One of the key concepts from Agile Development and Extreme Programming is to test early and often. I generally embrace this critical notion from both development disciplines with a slight amendment. My variation ? Test everywhere but effectively.
By “everywhere” I mean that every phase of the IT development process should have measures and tests designed to reduce as much as possible the key risks identified and associated with the project. So right up front in the feasibility and design stages, developers should be looking to identify and test project risks. One of the easiest comes out of this initial development process. Specifically, a measure of commitment of the various stakeholders is their willingness to commit resources, time and most importantly the right people to the project. If they cant do that then the essential consensus on the goals, scope, schedule and resource limits to the project is potentially in jeopardy. My immediate reaction is to adopt an Agile/Scrum phased set of working deliverables on short time horizons of 3-8 months maximum. The whole idea is to get greater commitment from the top by quarterly or semi-annual tangible and useful “can do” deliveries of modules.
By “effectively” I mean that any project group can efficaciously tell what tests and how often they need to be applied to reduce the most tension and uncertainty of knowing whether a particular phase, tool, and/or process is going to work properly. So the critical outputs from the Requirements, Design and Coding phases are risk analyses that identify not just the risks but also the earliest best possible tests to decide whether the risks can be reduced and or effectively handled by the evolving system.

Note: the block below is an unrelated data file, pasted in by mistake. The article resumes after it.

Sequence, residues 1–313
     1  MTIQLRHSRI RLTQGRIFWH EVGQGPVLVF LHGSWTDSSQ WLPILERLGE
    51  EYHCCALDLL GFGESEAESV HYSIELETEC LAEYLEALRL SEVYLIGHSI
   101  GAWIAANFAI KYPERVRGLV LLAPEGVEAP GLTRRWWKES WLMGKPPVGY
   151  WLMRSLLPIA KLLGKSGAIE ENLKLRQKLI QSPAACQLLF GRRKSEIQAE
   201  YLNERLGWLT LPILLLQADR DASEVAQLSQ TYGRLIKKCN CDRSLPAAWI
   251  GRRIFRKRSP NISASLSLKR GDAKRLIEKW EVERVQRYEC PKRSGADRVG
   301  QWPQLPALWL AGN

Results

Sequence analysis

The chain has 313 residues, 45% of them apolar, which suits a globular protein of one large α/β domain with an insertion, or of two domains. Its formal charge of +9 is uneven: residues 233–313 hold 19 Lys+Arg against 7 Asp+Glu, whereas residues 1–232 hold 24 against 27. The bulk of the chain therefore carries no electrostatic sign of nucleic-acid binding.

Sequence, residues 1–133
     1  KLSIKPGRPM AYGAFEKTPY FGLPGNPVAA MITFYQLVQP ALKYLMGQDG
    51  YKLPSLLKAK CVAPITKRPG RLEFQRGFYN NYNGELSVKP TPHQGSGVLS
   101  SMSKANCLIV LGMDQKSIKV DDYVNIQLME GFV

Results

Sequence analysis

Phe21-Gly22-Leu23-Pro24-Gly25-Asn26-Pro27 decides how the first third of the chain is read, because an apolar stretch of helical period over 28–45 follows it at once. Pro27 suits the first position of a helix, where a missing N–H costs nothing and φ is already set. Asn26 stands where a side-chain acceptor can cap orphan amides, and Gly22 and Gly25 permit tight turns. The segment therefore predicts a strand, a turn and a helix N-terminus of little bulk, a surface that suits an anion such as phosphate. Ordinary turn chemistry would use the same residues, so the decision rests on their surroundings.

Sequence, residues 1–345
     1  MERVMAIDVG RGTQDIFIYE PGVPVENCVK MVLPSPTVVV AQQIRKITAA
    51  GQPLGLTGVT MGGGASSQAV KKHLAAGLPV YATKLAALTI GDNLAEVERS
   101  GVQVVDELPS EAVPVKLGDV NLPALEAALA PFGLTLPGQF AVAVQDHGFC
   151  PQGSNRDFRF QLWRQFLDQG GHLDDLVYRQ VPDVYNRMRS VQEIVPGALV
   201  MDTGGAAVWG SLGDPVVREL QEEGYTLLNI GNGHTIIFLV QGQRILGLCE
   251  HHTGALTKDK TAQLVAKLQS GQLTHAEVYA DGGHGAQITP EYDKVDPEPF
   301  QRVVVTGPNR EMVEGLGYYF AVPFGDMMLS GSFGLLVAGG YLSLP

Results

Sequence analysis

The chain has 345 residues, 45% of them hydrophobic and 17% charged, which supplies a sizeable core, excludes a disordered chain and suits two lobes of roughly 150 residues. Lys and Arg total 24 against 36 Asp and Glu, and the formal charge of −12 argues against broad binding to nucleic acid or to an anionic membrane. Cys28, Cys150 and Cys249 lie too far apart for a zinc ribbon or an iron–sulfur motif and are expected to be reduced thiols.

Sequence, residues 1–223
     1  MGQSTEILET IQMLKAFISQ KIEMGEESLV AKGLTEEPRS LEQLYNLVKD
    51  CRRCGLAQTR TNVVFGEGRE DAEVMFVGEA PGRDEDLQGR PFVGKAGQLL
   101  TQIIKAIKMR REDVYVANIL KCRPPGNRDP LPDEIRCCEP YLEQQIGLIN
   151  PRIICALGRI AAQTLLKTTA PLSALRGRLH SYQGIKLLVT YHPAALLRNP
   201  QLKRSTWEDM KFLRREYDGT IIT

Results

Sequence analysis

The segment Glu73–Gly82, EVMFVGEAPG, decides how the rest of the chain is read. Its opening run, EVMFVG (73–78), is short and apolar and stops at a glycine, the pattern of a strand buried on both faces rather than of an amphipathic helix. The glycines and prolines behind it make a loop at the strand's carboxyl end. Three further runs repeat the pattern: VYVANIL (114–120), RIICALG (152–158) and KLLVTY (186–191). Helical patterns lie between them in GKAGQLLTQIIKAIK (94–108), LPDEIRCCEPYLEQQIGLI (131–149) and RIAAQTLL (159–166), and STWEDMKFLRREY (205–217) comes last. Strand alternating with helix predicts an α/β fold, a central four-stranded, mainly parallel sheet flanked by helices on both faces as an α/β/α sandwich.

Open Source software delivers such test benefits much better than proprietary software.
The reason is simple – the upfront cost and risk of the Open Source software is nil compared to proprietary software. People can try it out and stop early if it does not work to satisfaction. Further, to make money and/or retain users the Open Source vendor must deliver effective support, training, and consulting/mentoring. This means emphatically that the success of the open source software in meeting the users needs is paramount; not nearly so for the proprietary vendor. In fact the proprietary vendor not only gets their money upfront but also subjugates the user to a “no-real-help-or-responsibility-from-us” EULA agreement that clearly precludes any warranties as to reliability, security, and other measures of effective performance.
But proprietary vendors counter that the upfront fee creates competition for innovations and enhancements among vendors that is totally lacking in the open source field. Not so again, because the support process most often includes a roadmap for scheduled fixes, enhancement and improvements. Take a look at the roadmap for Pentahos Open Source BI stack for an example. So Open Source vendors have every reason to blue sky and dream as the proprietary – its necessary for their survival. In fact I would be recommending to Open Source vendors to be charging for the right to see some future betas. This would help to defray the development costs and would certainly attract those looking for a competitive advantage.
As IT matures into a highly competitive, zero-sum marketplace reduced to dueling monopolists, Open Source is the natural pendulum swing back to meeting users needs first.
(c)Jacques Surveyer 2005